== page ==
It doesn’t happen that often, but occasionally an Army modernization official will say something that surprises me. The eyebrow-raising comment happened on March 2 during a reporters’ gaggle with Lt. Gen. William Phillips, the military deputy for the Assistant Secretary of the Army for Acquisitions, Logistics and Technology.
Phillips spoke about everything from the success of the double-hulled Stryker vehicle program to the effectiveness of the Army acquisitions machine. Then Eric Graves from Soldier Systems Daily asked if the Army was willing to move away from its $5-billion investment in its Universal Camouflage Pattern and replace it with a new camouflage pattern.
(Reminder: Program Executive Office Soldier is well into Phase IV of its Camouflage Improvement Program, having recently selected a handful of patterns the soldiers will test in upcoming field trials.)
Phillips responded with “I know they are doing research on different kinds of camouflage and uniforms,” before quickly changing the subject to a recommendation that was recently made to change PEO Soldier’s name to PEO Soldier and Small Unit.
“We rejected that because … the Army centers around our soldiers and the importance of our soldiers and making sure that if we give soldiers the right capability, they will be successful on the field of battle,” Phillips said, describing PEO Soldier as “one of our most important PEOs.” “To change the name of PEO Soldier to something different, I think would be a step in the wrong direction.”
I realize this may not sound like such a big deal, but keep this in mind: when someone as high up the acquisitions chain as Phillips gets excited about something — like say the Soldier Radio Waveform or Ground Combat Vehicle or Joint Light Tactical Vehicle — they will give a 5-10 minute answer on the importance such a technological leap.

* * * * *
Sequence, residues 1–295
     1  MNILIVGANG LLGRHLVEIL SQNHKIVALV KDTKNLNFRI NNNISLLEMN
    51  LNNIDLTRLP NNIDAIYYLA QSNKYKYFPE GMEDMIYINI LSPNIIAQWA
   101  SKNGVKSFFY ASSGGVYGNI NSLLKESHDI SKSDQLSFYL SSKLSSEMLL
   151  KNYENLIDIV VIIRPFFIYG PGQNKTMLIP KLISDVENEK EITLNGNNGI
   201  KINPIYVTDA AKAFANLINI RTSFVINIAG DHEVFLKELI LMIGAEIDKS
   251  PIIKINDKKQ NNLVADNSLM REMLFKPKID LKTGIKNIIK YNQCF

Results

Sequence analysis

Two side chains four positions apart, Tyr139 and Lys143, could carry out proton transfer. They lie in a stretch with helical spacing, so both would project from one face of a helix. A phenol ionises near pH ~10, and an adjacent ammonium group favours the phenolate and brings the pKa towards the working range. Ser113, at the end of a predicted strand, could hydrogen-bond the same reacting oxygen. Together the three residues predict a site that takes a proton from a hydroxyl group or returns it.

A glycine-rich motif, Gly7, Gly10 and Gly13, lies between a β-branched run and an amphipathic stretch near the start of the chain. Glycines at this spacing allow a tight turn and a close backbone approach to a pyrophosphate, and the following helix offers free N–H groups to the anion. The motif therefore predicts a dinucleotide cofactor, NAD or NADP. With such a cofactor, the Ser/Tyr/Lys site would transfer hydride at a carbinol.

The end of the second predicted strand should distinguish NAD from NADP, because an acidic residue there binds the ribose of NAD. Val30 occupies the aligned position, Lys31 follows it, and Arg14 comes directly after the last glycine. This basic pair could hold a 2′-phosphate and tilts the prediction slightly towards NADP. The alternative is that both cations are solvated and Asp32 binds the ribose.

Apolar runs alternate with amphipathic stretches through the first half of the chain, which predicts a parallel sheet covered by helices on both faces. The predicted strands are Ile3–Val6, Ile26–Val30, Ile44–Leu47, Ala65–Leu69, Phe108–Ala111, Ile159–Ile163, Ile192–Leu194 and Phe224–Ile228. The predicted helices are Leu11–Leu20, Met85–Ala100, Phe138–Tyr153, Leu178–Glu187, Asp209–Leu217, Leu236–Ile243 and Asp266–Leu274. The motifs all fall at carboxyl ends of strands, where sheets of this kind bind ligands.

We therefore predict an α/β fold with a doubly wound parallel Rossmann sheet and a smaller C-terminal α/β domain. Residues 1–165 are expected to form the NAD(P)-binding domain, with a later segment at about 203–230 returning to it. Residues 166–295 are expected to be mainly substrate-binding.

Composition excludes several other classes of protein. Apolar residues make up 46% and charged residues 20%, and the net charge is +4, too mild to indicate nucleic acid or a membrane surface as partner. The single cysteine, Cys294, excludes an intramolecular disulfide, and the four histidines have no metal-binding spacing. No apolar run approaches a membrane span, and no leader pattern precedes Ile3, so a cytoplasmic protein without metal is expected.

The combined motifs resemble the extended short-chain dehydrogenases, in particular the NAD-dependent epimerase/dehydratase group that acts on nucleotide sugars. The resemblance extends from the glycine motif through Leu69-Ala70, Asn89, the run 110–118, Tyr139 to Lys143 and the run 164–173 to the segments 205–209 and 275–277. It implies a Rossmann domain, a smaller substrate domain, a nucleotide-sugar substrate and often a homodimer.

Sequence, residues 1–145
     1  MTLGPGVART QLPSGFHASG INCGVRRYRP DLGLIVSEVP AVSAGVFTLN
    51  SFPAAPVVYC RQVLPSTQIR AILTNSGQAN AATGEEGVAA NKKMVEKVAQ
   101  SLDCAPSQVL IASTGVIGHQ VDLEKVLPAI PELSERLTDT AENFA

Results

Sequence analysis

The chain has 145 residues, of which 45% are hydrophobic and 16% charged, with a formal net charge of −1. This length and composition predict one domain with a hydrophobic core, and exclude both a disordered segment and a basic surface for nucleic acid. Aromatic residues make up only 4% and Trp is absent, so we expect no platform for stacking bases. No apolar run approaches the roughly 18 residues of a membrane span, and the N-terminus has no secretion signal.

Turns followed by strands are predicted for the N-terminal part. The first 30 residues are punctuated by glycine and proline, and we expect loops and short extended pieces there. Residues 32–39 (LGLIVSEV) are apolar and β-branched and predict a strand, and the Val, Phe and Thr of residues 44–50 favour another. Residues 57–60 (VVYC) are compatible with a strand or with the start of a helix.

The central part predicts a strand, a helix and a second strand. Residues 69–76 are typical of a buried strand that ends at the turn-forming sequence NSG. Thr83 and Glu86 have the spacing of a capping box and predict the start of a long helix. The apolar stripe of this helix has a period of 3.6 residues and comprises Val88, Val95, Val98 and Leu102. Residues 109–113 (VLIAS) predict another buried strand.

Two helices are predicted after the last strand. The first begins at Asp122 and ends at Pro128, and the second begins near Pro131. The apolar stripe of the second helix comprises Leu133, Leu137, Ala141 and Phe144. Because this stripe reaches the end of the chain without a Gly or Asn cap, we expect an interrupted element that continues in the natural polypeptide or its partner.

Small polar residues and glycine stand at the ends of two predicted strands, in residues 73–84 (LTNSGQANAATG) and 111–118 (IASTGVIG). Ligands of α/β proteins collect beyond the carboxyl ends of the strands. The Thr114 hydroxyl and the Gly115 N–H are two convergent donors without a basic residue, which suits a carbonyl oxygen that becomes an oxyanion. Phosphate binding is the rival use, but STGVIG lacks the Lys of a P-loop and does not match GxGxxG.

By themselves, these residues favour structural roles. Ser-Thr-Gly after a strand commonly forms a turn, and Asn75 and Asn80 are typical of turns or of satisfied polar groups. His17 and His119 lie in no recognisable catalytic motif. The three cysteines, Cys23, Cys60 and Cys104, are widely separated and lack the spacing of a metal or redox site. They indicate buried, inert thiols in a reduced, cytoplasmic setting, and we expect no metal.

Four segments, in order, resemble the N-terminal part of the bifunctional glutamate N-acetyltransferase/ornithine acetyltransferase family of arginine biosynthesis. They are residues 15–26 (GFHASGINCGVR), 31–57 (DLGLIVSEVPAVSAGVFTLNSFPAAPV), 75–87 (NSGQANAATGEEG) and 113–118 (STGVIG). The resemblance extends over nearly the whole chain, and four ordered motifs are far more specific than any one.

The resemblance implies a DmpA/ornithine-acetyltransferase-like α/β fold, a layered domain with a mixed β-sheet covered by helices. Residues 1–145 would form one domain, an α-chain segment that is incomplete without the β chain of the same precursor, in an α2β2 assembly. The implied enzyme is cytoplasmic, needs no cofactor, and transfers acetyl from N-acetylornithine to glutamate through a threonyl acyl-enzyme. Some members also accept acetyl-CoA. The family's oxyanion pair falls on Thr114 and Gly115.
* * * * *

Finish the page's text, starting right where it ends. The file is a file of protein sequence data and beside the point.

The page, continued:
I followed on Eric’s question, asking Phillips if he has been getting briefings on the camouflage effort and if a future decision on camouflage was even on the table.
Phillips: “I am familiar with it. We are just going to have to get back to you. We’ll research it and get you the appropriate answer.”
He then talked about the success of MultiCam in Afghanistan and how he had talked to soldiers there last summer about its effectiveness.
“When they wear that uniform and they stop, their comment was they disappear. They disappear into the woodlands in Afghanistan. That uniform and that pattern is absolutely the right pattern for Afghanistan.”
After the briefing, one of the public affairs officers asked me if I need him to research an answer to the camouflage questions Eric and I asked. No need, I told him. I wanted to know how much of a priority this multi-phased camouflage effort was to senior Army acquisition officials and I think I got my answer.